Belarus crisis: EU leaders to hold emergency talks
EU leaders are to hold emergency talks to discuss the political crisis in Belarus, after 10 days of protests that have shaken Alexander Lukashenko’s 26-year grip on power.
In the run-up to the meeting on Wednesday, the Belarusian opposition leader, Svetlana Tikhanovskaya, urged the EU not to recognise Lukashenko as president.
“I call on you not to recognise these fraudulent elections,” she said. “Mr Lukashenko has lost all the legitimacy in the eyes of our nation and the world.”
The bloc’s 27 heads of state will meet via video link from noon CET, where they are expected to issue a declaration of solidarity with the protest movement. They will also endorse a plan to sanction Belarusian officials who ran the disputed elections that resulted in an improbable landslide for Lukashenko, as well as those responsible for the violent political crackdown.
Lukashenko claimed victory in presidential elections 11 days ago after official results gave him 80% of the vote, with 10% to Tikhanovskaya. The EU said the contest was neither free nor fair.
“The people of Belarus have the right to determine their own future,” wrote the European council president, Charles Michel, in his summit invitation letter to leaders. “To allow for this, violence has to stop and a peaceful and inclusive dialogue has to be launched. The leadership of Belarus must reflect the will of the people. There should be no outside interference.”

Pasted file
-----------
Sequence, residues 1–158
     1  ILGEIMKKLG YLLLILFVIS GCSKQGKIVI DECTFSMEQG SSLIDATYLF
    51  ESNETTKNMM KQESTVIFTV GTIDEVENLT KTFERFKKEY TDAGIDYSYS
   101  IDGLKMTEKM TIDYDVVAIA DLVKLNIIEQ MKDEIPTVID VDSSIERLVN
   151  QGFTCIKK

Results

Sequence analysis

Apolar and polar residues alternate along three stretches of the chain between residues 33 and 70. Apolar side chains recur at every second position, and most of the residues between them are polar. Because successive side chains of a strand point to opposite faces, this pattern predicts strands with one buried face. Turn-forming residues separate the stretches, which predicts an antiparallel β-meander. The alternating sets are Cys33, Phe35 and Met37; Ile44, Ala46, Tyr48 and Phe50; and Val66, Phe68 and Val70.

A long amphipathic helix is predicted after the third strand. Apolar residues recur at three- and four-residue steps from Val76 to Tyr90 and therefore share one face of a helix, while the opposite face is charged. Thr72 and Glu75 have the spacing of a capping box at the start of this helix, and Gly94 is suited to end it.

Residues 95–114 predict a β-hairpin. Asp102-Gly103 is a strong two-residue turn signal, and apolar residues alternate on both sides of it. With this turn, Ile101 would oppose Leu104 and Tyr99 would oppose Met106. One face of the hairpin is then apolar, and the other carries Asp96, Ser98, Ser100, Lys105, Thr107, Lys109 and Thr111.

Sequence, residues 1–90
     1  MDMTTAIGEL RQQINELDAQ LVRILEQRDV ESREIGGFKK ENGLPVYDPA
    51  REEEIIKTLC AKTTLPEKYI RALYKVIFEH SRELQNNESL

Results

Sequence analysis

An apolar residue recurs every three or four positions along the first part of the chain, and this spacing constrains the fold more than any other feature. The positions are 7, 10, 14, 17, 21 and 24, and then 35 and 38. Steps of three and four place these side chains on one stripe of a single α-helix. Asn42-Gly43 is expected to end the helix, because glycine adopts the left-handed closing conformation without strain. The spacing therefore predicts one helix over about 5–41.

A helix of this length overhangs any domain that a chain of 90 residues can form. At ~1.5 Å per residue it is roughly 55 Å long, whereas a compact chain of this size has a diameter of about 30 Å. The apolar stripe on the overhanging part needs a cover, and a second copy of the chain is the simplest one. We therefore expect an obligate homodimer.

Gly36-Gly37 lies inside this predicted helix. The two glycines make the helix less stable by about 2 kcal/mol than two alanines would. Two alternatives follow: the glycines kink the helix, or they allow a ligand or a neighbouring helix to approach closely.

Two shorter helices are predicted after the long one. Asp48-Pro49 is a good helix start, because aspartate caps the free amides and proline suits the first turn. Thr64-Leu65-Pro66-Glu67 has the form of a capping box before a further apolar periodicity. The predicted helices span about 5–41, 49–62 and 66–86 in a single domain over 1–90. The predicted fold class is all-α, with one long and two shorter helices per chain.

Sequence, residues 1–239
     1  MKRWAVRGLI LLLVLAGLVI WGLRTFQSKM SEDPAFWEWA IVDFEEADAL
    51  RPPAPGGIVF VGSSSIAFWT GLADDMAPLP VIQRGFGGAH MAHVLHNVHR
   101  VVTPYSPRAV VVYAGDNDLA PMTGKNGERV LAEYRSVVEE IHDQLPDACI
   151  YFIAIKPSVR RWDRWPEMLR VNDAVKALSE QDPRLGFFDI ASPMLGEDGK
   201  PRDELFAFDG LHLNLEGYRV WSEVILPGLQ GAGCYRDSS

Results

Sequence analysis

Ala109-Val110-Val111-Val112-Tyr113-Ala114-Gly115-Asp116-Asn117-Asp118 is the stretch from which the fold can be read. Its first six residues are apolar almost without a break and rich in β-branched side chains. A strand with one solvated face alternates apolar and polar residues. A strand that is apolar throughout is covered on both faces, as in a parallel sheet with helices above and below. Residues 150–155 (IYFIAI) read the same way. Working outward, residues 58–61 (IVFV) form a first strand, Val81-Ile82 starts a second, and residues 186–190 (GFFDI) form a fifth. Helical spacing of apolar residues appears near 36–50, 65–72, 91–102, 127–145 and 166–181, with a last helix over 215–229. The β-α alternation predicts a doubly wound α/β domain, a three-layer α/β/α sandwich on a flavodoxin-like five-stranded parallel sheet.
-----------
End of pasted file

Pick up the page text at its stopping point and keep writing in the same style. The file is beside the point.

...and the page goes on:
EU leaders have been urged to deliver a warning against meddling by Russia, after Lukashenko called Vladimir Putin for help at the weekend.
On Tuesday, the leaders of Germany and France, Angela Merkel and Emmanuel Macron, spoke to the Russian president in separate phone calls. They set out their expectations that Lukashenko would refrain from violence, release political prisoners and open dialogue with the opposition. In both calls Putin spoke against “outside interference” in Belarus, according to Kremlin readouts.
Michel also spoke to the Russian leader. An EU official said they “discussed the best ways to encourage/assist intra-Belarusian dialogue for a peaceful end to the crisis”, adding that one option was dialogue through the Organization for Security and Cooperation in Europe.
The OSCE counts EU member states as well as Belarus and Russia among its members, but was denied access to monitor last week’s presidential elections.
So far Lukashenko has refused all offers to talk with the opposition. “He is desperately looking for the way out, not for the country but for himself,” said Lithuania’s foreign minister, Linas Linkevičius, who added that Lukashenko needed to be involved in any talks.
“We have to talk to everyone who is in possession of some leverage [including] those who are de-facto controlling power structures,” he told the Guardian this week.
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